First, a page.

For a few years now, IndyGo’s Red Line Phase I project has been at the forefront of news and neighborhood conversations. What every resident should know is that the Red Line plans are more complicated and nuanced than can accurately be conveyed in a 3-minute news story; and even the most well-intentioned neighbors and business owners are missing some vital information. Some of the claims being made about the project and its impacts are misleading at best; other claims are outright false. This is an effort to correct the record regarding recent public complaints made by Moe & Johnny’s owner, Chuck Mack. Full disclosure: Chuck Mack and I are dear friends. Despite our longtime friendship, we disagree fundamentally on the merits of this project. I am a staunch supporter of the Red Line and believe this valuable infrastructure will positively impact the future of our neighborhood and city.
No matter your opinion of transit or the Red Line, everyone deserves the facts.
What you heard: IndyGo is using eminent domain to take parking spots from private property at Moe and Jonny’s.
What’s happening: 4 parking spots along College situated on publicly owned land will be eliminated to make way for a new sidewalk and curb. Moe & Johnny’s will retain 30 spots (with 6 still positioned in the public right-of-way along 54th).
What you heard: IndyGo offered Moe & Johnny’s $800 for lost parking spots.
What’s happening: The compensation is for temporary use (not permanent acquisition) of a small (less than 10 sq. ft.) sliver of Moe & Johnny’s property, a short-term necessity to install an ADA accessible curb ramp at the corner of 54th and College. No land is being seized permanently, and after a few months of construction, the improved property will be returned to the owner.
What you heard: Moe & Johnny’s will lose its driveway from College into the parking lot.
What’s happening: A 130-foot-wide driveway onto College will be traded in for a new curb, a wheelchair friendly ground slope, and safer (albeit restricted) 32-foot driveway. Only 2 parking spots (those along the East side of the building) will lose access to Northbound College Ave. They will need to go through the one-way rear parking lot to access the alley and 54th Street, as the parking users do today.
What you heard: A foot-and-a-half elevated bus lane will create “a wall” down the center of College.
What’s happening: A small 4 inch “mountable” curb will be placed in the center of the bus only lane to deter cars from making unsafe turns. Emergency responders will have free use of the bus only lane, and the height of the curb will make maneuvering across the roadway completely possible.
As with any major project, there are some very vocal people in opposition, making every attempt to stop the project (the Monon and Cultural Trails come to mind). Every individual and group is entitled to express their opinion, and our democratic process is designed to amplify these voices. While vehemence of expression can be effective at drawing attention from the press, it certainly does not guarantee accuracy of fact. Every citizen in a free speech society should listen to the public discourse with skepticism and verify the facts personally before taking a position.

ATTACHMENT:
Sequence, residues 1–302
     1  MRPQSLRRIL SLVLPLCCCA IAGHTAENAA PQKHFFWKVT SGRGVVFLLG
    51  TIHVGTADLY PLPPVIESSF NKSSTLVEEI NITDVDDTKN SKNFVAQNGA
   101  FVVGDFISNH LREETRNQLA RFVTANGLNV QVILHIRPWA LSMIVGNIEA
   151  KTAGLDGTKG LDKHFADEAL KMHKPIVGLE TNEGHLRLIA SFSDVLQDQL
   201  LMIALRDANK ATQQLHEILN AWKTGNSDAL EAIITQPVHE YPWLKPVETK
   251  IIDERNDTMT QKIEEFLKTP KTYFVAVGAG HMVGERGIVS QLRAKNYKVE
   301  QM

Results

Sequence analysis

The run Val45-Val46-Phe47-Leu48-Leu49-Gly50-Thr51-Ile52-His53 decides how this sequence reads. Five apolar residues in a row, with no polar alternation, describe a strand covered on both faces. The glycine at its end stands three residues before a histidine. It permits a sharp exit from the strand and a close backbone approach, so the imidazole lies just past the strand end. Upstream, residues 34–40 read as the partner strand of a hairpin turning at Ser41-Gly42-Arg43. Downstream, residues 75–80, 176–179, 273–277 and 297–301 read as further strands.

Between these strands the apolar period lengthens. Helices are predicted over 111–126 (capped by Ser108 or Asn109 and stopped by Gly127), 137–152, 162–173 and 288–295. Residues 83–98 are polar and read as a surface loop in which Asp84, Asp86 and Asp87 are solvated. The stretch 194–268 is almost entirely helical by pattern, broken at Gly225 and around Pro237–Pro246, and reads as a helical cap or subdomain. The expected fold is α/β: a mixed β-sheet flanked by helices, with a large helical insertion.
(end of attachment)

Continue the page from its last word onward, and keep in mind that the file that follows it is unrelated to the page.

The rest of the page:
Red Line Construction Update
This project is moving forward. The time to debate the validity, route, concept, or return on investment of the project has long since come and gone. It is now up to DPW, IndyGo, Mayor Hogsett’s administration, my Council colleagues and myself to facilitate the success of this project. My role moving forward is to ensure that my constituents are treated fairly, communicated with in a timely manner, and have access to all the information they need moving forward.
Red Line Phase I will be bid out in August, with shovels going in the ground before the end of 2017. Because of the Capitol Street bridge closure at Fall Creek, and in coordination with the Citizens Energy closure of 28th and Meridian, construction for the Red Line will start in the middle of the route to take advantage of the closures already in place because of those projects. Beyond those schedule considerations, the construction contractor will propose a more detailed schedule; IndyGo will coordinate with DPW to keep residents, businesses, and property owners up to date on the construction sequence.
Construction will be challenging under the best circumstances, and I continue to urge everyone to do your part to patronize these businesses during construction. I remain committed to finding the best ways forward. For this reason, I encourage us to shift the conversation away from “if” and towards “when.” Energy and time spent debating the merits of the project would be better spent convening efforts to support business owners and residents during the construction phase. While all change is emotional and can create fear, I will continue to stay focused on facts. My goal is achieving the best possible outcome for a district that voted overwhelmingly for transit.